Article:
Thank you guys for your help. I think what I really want some clarification on is if it’s a true statement that DP’s are at times shooting low speed filmstock and willfully unexposing portions of the frame to achieve a deep black. And if they do so, how are they managing to control grain in the area of the frame between properly exposed and totally unexposed since it is my understanding that grain “lives” in the underexposed areas. Let’s say I have a subject sitting in a chair and get an f2.8 on my subject, an f1.3 on the chair, and E on the background wall and I’m shooting 100T for example.


You're a little confused -- obviously by definition a dark area is underexposed and a true black area shouldn't have any exposure at all in it! Black is what you'd get if you left the lens cap on. But how rich and dense that black looks depends on what printer lights it is printed at (or what video level it is set at.)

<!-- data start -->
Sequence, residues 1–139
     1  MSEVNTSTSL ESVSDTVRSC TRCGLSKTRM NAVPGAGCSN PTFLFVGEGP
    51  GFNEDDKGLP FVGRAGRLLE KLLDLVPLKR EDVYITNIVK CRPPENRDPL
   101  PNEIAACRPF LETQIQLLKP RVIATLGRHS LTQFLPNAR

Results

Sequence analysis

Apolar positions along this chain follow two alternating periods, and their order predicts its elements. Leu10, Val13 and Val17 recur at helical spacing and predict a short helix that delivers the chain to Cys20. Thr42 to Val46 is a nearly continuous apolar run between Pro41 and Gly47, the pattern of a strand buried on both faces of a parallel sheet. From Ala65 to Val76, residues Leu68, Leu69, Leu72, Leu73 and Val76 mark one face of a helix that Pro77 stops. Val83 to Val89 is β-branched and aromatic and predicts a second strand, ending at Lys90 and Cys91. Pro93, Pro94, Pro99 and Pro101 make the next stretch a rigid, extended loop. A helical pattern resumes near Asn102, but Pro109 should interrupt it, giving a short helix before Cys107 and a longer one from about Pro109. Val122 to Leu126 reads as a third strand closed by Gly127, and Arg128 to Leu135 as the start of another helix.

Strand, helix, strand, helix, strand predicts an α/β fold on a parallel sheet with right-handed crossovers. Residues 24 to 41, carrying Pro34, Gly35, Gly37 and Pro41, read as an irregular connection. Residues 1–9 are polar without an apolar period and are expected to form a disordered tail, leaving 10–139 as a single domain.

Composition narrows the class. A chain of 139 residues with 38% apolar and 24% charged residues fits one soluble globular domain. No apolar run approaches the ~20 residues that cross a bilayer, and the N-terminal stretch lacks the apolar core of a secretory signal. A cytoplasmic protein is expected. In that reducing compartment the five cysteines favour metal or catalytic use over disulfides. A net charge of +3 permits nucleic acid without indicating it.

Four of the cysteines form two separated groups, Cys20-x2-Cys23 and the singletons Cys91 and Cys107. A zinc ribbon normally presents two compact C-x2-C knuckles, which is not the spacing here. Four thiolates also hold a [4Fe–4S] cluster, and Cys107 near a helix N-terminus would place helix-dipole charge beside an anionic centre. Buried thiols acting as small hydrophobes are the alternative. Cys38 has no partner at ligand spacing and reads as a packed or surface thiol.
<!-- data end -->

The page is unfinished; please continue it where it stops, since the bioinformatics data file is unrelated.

But unfortunately, you don't base the printer lights or video levels on the shadows or blacks so much as you do on the overall frame and the key subject, so you want to expose a film negative well enough so that you won't have to lighten the image to make the subject look correct and thus milk out the blacks, plus increase the graininess. You want the subject exposed enough to allow you to darken it (print down) to normal brightness and thus make the blacks blacker by pushing them down rather than lifting them up in the print.

Grain is most visible in the midtones. In a print made off of a negative, a true black should have maximum density and a true white should be clear. So the grain is mostly seen in the midtones. Now if you printed up and thus lifted the blacks into grey milkiness, then grain would also be visible there.